At least 70 killed by police in Africa’s last absolute monarchy

Japhy Barrera, is a member of the YCL’s Birmingham branch

At least 70 protestors have been killed by police in Eswatini in recent months, with several hundred more injured. The small nation in sub-Saharan Africa is the continent’s last remaining absolute monarchy, with King Mswati III ruling for 35 years ongoing. The country, formerly known as Swaziland, was formally changed to the ‘Kingdom of Eswatini’ by Mswati in 2018, further consolidating his long-standing rule. 

Protests have arisen in opposition to the monarchy’s brutal regime, which sees the royal family spend lavishly on themselves while the masses live in abject poverty. In 2014, the country’s national budget was shown to have allocated $61 million to the King’s personal estate, including over $23 million on renovating royal palaces and $500,000 on a single Maybach luxury car. The king’s net worth is estimated at $200 million , meanwhile the majority of Eswatini’s citizens live on just $1 per day. 26% of the population are estimated to be HIV-positive, and the average life expectancy is just 57 years of age, making it amongst the world’s worst. Over 23% of the population remains unemployed, with youth unemployment approximated at nearly 50%.

The king has complete control over all bodies of government, with the power to appoint parliamentary positions including the prime minister. Incumbent Prime Minister Cleopas Dlamini was formerly the CEO of the country’s public pension fund, the same institution funnelling taxpayer money into the monarchy’s hands; Dlamini was appointed solely and directly by the king.

Protestors of the monarchy list a wide range of demands, with some simply calling for reforms by the way of a constitutional monarchy with others calling for the removal of the monarchy entirely. Calls to simply be able to elect their own prime minister have been met with violent and ruthless police brutality and government censorship. Activists using social media to organise protests led the king to induce an internet blackout, slowing the flow of information both domestically and abroad. Those trying to organise the protests into a coherent movement, including trade unions and the now-banned Communist Party of Swaziland (CPS), are often arrested or otherwise maimed for coming out against the government.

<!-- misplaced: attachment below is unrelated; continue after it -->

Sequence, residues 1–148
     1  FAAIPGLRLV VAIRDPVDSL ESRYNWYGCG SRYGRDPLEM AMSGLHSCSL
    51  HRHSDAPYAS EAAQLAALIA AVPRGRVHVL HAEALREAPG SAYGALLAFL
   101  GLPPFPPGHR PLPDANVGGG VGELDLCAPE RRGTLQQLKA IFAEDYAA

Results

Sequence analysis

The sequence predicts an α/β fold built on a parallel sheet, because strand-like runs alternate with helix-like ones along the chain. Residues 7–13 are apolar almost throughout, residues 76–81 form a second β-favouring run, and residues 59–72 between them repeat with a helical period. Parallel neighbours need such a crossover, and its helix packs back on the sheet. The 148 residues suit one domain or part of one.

This repression has made it difficult for an anti-government movement to mobilise, but with the dire socioeconomic circumstance the country finds itself in, the situation is life or death for many of Eswatini’s people. Western powers have failed to condemn the king, and in most cases have completely accommodated for him. Mswati was even invited to Queen Elizabeth’s Jubilee lunch in 2012 alongside a host of monarchs with blood on their hands. This situation, like so many others, has dismantled the myth of western powers caring for human rights. The US and UK in particular, who look to persistently call out human rights abuses on countries that stray from the neoliberal economic model, have no qualms with semi-feudal dictatorships like Eswatini. This is because the country, which was formerly a British colony, has completely capitulated to foreign capital, with its entire economy reliant on neighbouring South Africa, and subsequently the west.

The aforementioned Communist Party of Swaziland (CPS) has made demands via their ‘Democracy Now’ campaign such as the unbanning of political parties, the safe return of exiles, the lifting of all restrictions on freedom of assembly, an end to press and media censorship, the holding of free and fair elections, as well as a renewed solidarity to their struggle internationally. Challenge will continue to follow these events as they play out, as well as that of the CPS, now in exile in South Africa.

Japhy Barrera

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